De Moor IV:25: Not Composition of God with the Creature

β. On the other hand, God’s Simplicity excludes all Composition that God might enter into with the Creature. For, if, 1. God’s Simplicity prevents all Composition, then it also prevents Composition with Creatures. By which, 2. the Immutable God would have endured actual Mutation. By which also, 3. God, who is distinguished from all other things by His Independence, would be made Dependent: since in the coming together of multiple things to constitute a composite, properly so called, a certain mutual dependence of the parts upon each other is evident. 4. In this way, the infinitely perfect God would obtain greater perfection, in such a way that from the composition of God with the Creature One more perfect Substance would be produced: since the whole is more perfect than its individual parts taken individually; while the very notion of part involves defect, by the very ordering and bearing of it to constitute one whole composite. All which things are absurd and blasphemous. Therefore, God, as He is not able to be compounded from parts, so He is not Himself able to be a part.



And so they raved, however many have imagined for themselves a Composition of God with the World, and called God the Sould of the World, and the World the Body of God, with the Stoics: see WALCH’S Miscellanea Sacra, book III, Exercitation III, § 9, page 584; BUDDEUS’ de Atheismo et Superstitione, chapter I, § 18, pages 33-35, chapter II, § 9, 10, pages 132, 135, 139, chapter VI, § 4, pages 336-338; LELAND’S de Utilitate et Necessitate Revelationis Christi, part I, section I, chapter IV, pages 158, 159, section II, chapter XII, pages 348-351, 364, 383-400. God, says MARESIUS, Systemate Theologico, common place II, § 22, is able to be called the Form of the World, not forming from within and compounding, but standing beside, like a captain on a ship.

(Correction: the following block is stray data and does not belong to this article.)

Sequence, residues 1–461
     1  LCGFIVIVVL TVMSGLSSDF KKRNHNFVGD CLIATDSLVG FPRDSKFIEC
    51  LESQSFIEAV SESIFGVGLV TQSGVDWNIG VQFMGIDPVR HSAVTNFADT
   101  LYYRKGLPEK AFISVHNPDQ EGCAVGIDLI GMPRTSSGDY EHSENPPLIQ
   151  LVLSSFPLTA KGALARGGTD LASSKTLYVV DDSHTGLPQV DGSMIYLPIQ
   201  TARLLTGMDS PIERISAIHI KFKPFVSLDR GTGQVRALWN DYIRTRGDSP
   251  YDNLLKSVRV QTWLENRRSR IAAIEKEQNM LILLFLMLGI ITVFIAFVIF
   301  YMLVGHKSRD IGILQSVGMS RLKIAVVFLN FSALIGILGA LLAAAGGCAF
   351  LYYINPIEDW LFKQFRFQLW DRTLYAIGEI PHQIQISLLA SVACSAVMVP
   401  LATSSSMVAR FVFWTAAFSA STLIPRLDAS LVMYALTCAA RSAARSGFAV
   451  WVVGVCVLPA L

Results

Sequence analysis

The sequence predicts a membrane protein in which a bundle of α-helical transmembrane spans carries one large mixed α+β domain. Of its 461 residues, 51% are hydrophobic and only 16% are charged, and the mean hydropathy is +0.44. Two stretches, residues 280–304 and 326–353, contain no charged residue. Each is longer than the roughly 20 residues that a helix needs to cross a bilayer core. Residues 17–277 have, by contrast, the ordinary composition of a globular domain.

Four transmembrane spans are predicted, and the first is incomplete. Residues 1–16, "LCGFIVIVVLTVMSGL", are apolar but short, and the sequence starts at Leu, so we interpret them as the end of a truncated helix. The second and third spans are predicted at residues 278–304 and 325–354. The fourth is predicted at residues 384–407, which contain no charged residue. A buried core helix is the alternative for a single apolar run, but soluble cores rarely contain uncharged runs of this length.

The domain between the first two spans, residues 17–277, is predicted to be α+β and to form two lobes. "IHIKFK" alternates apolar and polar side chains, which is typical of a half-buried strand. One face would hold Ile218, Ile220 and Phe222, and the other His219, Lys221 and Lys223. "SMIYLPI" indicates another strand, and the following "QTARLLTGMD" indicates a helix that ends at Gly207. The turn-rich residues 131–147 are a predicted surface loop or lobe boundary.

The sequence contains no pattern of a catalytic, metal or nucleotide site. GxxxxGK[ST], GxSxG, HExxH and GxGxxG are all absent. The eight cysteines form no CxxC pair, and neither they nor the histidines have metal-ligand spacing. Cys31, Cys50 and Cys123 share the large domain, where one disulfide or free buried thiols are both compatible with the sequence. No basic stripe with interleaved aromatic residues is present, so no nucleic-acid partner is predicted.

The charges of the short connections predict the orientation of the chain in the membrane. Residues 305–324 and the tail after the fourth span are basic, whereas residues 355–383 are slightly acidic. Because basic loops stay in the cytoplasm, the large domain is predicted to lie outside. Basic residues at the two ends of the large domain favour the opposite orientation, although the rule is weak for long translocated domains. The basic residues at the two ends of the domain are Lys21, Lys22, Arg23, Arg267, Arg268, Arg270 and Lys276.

Neither does a Composition of this sort obtain from the divine and human natures in the Person of the θεανθρώπου/God-man. For, in Chapter XIX, § 20, we shall see that the Incarnation of the Son of God was accomplished by Assumption of the human nature by the Person of the Λόγου/Logos, whence a Hypostatic Union of the two natures was produced, not by composition of Deity with humanity, as of a part with a part; that no Third Nature ought to be acknowledged here, as the human nature arises from the soul and body joined together: but that the Person of the Λόγου/Logos with respect to the human nature is as perfecting and sustaining; so that everything that from this Union is produced as a new perfection pertains to the human nature assumed and sustained, but absolutely no new perfection is added to the divine Person or Nature.

ABOUT US

Dr. Steven Dilday holds a BA in Religion and Philosophy from Campbell University, a Master of Arts in Religion from Westminster Theological Seminary (Philadelphia), and both a Master of Divinity and a  Ph.D. in Puritan History and Literature from Whitefield Theological Seminary.  He is also the translator of Matthew Poole's Synopsis of Biblical Interpreters and Bernardinus De Moor’s Didactico-Elenctic Theology.

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